Imagine that you have made it your goal to get butterflies to fly in formation. How beautiful it would be if they could fly together like a flock of birds. You begin modestly, attempting to get one butterfly to fly in a straight line. Enticing it with nectar seems to work, so you try it with a few more butterflies. You pick the most successful of these and attempt to get them to fly in a straight line together. But as soon as you release your star pupils, everything devolves into chaos, with butterflies flying in every direction. Still, you’re not willing to give up because you can envision how great it would be if they could only learn what you’re trying to teach them. Every day you perform the same trials with the same frustrating results. After a while, you find yourself disliking the creatures you once cherished because these pesky insects won’t do what you want them to no matter how hard you try.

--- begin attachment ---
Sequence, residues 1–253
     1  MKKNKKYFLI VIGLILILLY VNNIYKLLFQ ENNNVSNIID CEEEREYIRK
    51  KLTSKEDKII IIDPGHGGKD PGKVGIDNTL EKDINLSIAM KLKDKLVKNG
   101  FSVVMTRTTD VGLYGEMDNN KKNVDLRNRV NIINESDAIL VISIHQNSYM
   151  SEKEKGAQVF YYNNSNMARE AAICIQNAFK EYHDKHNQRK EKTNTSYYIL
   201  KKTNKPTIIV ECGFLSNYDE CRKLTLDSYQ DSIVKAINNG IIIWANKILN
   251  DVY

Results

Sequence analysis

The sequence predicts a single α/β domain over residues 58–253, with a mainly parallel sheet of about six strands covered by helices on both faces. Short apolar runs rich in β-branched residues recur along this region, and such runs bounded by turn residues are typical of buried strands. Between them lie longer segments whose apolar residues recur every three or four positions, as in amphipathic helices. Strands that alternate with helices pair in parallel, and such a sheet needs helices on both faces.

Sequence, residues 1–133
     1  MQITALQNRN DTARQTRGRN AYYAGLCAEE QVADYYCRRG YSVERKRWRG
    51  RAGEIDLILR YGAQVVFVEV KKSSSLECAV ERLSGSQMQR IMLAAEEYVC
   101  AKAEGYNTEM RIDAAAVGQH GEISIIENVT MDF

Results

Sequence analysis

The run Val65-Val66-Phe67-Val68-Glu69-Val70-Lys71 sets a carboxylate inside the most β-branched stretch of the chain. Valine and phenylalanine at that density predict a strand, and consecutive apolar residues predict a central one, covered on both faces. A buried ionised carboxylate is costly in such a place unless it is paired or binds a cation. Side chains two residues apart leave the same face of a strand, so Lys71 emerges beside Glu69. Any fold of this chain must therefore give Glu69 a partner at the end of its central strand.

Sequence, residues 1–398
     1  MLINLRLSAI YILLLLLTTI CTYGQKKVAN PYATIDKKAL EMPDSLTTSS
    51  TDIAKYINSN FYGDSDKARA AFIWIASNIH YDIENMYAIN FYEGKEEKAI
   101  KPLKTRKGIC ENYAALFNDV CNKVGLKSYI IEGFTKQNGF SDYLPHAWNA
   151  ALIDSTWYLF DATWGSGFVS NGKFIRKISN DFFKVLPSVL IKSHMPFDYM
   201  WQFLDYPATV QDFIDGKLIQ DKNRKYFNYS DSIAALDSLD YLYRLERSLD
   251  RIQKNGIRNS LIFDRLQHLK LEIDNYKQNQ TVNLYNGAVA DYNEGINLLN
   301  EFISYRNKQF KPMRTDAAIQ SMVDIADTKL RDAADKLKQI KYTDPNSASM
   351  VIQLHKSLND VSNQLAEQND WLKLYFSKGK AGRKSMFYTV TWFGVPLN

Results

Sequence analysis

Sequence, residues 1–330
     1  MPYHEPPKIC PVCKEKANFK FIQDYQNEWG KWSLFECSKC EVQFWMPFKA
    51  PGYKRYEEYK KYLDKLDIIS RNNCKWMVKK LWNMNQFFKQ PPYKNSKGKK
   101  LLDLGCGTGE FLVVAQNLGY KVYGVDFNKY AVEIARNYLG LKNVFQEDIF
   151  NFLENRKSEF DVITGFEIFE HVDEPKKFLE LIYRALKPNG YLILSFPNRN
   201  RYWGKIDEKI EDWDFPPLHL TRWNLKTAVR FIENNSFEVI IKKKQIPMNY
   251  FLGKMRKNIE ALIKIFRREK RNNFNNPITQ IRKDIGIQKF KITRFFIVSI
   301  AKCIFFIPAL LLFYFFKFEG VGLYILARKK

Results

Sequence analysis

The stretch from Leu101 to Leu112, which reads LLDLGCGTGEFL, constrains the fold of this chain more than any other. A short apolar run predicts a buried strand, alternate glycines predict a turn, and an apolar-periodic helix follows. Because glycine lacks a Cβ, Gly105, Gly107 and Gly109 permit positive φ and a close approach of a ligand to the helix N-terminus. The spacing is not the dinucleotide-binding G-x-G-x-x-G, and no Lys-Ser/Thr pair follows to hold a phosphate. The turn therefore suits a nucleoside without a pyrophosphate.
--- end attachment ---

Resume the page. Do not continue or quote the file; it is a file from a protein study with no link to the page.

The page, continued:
The point of this far-fetched example is that our efforts to control circumstances and people are often as misguided as the scenario I’ve outlined. We want children to behave perfectly, employees to perform flawlessly, and circumstances to unfold as we think they should. But our oversized efforts at control produce the same frustrating results. Perhaps it’s time to realize that if something is not working, it may be time to stop doing it.
According to Edwin Friedman, who is associated with family systems therapy, the most effective leaders focus on managing themselves in the group rather than focusing on how to manage the group itself. Such leaders strengthen the organization by staying connected to others without allowing themselves to be sucked into the anxious, emotional processes that often swirl around them. By doing this, they are able to lead from the inside rather than by trying to coerce others from the outside.
If you feel chronically frustrated at home or at work, ask yourself whether you may be trying to exert a level of control that is unhealthy and unwise. If the answer is maybe or yes, try redirecting your energy, asking God to show you how to manage yourself in the midst of challenging people. More